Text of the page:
When it comes to enforcing US court judgments in China, the law has been clear and remains clear. China won’t do it. Not now. Not later. Maybe not ever.
We are always writing on how because Chinese courts will not enforce US court judgments it is usually pointless to pursue litigation against a Chinese company in the United States if the Chinese company’s only assets are in China. So if you have an agreement with a Chinese company that requires litigation take place in a US city, you are likely to face problems if you ever need to sue. Here are some of our posts on this:
- Chinese Companies Can Say, “So Sue Me.”
- Taking Judgments To China (And Korea), Let’s Not Sue Twice
- Will Your US Judgment Be Enforced Abroad? Not China, But Maybe
- Enforcing Foreign Judgments in China — Let’s Sue Twice
- Why Suing Chinese Companies In The US Is Usually A Waste Of Time
- How To Sue A Chinese Company. Part III. Litigation Strategies And Enforcing Judgments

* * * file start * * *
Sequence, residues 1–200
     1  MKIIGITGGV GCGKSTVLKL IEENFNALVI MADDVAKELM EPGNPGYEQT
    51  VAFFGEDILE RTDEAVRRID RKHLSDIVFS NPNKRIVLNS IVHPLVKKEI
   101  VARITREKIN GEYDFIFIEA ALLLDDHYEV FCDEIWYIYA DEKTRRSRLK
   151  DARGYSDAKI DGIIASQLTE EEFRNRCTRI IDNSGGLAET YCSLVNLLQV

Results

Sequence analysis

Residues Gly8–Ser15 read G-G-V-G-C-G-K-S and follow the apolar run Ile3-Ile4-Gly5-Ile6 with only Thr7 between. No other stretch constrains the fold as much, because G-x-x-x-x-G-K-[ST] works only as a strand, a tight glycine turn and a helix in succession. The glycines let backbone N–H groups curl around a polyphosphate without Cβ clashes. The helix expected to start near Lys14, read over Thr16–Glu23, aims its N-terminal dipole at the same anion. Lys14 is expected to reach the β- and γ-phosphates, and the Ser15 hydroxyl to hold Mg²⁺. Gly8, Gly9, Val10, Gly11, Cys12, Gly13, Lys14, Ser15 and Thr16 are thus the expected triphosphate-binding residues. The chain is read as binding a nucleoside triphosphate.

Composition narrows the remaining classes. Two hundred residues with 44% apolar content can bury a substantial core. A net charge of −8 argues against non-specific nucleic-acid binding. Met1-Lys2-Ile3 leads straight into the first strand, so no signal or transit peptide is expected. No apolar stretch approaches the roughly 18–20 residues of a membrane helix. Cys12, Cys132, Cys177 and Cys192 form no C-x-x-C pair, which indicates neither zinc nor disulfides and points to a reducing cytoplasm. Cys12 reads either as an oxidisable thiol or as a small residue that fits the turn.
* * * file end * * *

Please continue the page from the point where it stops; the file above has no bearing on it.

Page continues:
So today when a lawyer from a Middle East country emailed me to discuss enforcing a large judgment from that (intentionally unnamed) country in China, I had to figure out whether China enforces that country’s judgments or not (it doesn’t). In doing that research, I came across this very helpful chart put out by the Practical Law Company, listing what countries enforce what foreign judgments. This chart does not list the enforcement rules for every country, but it does list it for the following 32 and I am guessing that will cover at least 90 percent of the searches out there: Argentina, Australia, Brazil, British Virgin Islands, Canada, Cayman Islands, China, Cyprus, Egypt, France, Germany, Hong Kong, Hungary, India, Indonesia, Ireland, Italy, Japan, Lithuania, Luxembourg, Luxembourg, Malta, Mexico, Romania, Russian Federation, Singapore, South Africa, Sweden, Turkey, USA, United Arab Emirates, and United Kingdom.
So next time you find yourself wondering whether a particular country will enforce another country’s court judgment, I urge you to check out this chart.